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Atom evolves into Nomad

British maker Ariel has created off-road version of revered track car

Published: December 30, 2014, 5:10 PM
Updated: June 19, 2018, 9:04 AM

Ariel Nomad

Car enthusiasts who have ever set tires on a track have been gushing over the Ariel Atom for nearly a decade. Now Ariel is giving off-road enthusiasts something to swoon over with the Ariel Nomad — the latest take on the dune buggies of a past generation.

There is one big difference, though. It’s still a rear-wheel drive vehicle. The company has admitted to its promise in mild off-road applications — forest trails, cottage dirt roads, that sort of thing — but haven’t compared it to, say, Dakar racers in the Sahara. Yet.

“We know the car is quick and stable,” says Henry Saunders, son of Ariel founder Simon Saunders. “We’re looking forward to discovering how it performs in genuine off-road conditions — in mud or crawling over rocks — compared with a traditional 4×4.”

Power is supplied by a rear-mounted 2.4-litre Honda four-cylinder engine, rumoured to make around 200-hp through a six-speed manual transmission.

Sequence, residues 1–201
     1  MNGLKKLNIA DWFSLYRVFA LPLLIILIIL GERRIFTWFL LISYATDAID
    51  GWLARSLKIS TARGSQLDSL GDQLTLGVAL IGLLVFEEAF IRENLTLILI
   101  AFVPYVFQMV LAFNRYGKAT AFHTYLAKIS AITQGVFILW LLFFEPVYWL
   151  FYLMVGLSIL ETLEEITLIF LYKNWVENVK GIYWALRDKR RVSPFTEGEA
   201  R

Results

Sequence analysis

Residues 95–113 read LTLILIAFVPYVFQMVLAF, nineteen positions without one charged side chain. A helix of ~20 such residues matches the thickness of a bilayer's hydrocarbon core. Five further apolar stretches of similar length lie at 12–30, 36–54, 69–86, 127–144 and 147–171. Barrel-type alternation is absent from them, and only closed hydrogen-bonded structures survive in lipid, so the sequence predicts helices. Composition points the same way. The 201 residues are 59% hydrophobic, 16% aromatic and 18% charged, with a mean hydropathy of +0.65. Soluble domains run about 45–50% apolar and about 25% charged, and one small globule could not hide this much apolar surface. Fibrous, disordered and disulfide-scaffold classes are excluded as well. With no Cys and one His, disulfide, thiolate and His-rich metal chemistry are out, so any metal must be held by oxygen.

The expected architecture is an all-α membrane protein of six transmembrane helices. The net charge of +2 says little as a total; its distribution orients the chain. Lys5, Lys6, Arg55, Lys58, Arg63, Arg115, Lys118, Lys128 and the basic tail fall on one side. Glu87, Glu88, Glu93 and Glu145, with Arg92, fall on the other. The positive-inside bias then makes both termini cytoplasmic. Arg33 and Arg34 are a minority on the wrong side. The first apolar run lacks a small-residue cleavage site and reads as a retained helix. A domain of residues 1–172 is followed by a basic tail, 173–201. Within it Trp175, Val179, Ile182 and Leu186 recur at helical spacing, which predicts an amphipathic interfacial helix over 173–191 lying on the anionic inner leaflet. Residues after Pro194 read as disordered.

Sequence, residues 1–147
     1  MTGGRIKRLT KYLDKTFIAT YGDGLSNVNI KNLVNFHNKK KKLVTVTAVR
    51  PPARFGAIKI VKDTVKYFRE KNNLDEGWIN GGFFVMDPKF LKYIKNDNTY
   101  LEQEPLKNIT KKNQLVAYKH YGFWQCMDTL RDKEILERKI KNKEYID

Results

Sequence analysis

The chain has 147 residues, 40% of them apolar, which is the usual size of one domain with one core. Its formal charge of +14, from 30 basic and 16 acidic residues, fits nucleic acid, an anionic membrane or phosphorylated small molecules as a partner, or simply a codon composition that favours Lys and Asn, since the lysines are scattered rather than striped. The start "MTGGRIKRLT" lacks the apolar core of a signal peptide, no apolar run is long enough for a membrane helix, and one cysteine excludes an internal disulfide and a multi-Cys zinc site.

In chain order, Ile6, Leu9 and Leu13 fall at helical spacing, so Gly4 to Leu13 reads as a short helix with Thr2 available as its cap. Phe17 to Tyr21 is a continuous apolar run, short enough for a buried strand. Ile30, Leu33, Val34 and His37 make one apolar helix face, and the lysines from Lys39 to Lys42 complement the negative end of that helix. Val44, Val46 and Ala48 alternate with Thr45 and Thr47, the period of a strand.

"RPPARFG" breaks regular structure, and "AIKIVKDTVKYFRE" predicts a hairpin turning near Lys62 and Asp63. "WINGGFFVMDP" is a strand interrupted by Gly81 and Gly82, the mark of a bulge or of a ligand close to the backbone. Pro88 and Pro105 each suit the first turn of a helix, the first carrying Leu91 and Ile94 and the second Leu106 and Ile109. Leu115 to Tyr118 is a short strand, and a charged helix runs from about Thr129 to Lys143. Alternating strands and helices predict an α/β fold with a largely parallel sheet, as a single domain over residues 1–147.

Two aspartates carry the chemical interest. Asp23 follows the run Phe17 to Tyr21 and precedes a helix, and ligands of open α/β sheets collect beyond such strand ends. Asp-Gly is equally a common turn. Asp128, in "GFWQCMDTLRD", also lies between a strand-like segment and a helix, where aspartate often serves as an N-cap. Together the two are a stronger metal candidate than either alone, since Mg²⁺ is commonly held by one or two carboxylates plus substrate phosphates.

Since there is not much to Atom other than a chassis and engine and two seats, there is naturally not much to Nomad. Add a tubular roll cage to the street car and you pretty much have it. All the other add-ons (bush lights, knobby tires, etc.) are up to individual preferences.

The car is expected to be unveiled at the Autosport International racing car show in Birmingham, England. The purchase cost will be in the 30,000 British pound range, roughly $54,000 Canadian.

Ariel Atom

The first Atom was built in 1996 (unveiled at the 1996 British International Motor Show) as a Coventry University student project under the tutelage of the elder Saunders, who created the Ariel Motor Company in 1991. It looks like an open-wheel race car without the skin, and anyone who’s driven one says it’s the next best thing to driving a race car.

Today’s Atom is street legal in a few jurisdictions (mostly due to lack of some required safety features, such as bumpers), but enjoys widespread use on race tracks. There is even a single marque series in England. It is made under license in the U.S., by TMI Auto Tech of Virginia, which operates the Atom Experience track days at various racing facilities in North America.

It is powered by a choice of Honda four-cylinder engines (naturally aspirated, turbocharged or supercharged), although it can house one of GM’s Ecotec four-cylinders or even an Ariel-made V8. The completely adjustable suspension is tuned by Lotus, and that’s where its track-ready manners thrill anyone who’s lucky enough to drive one.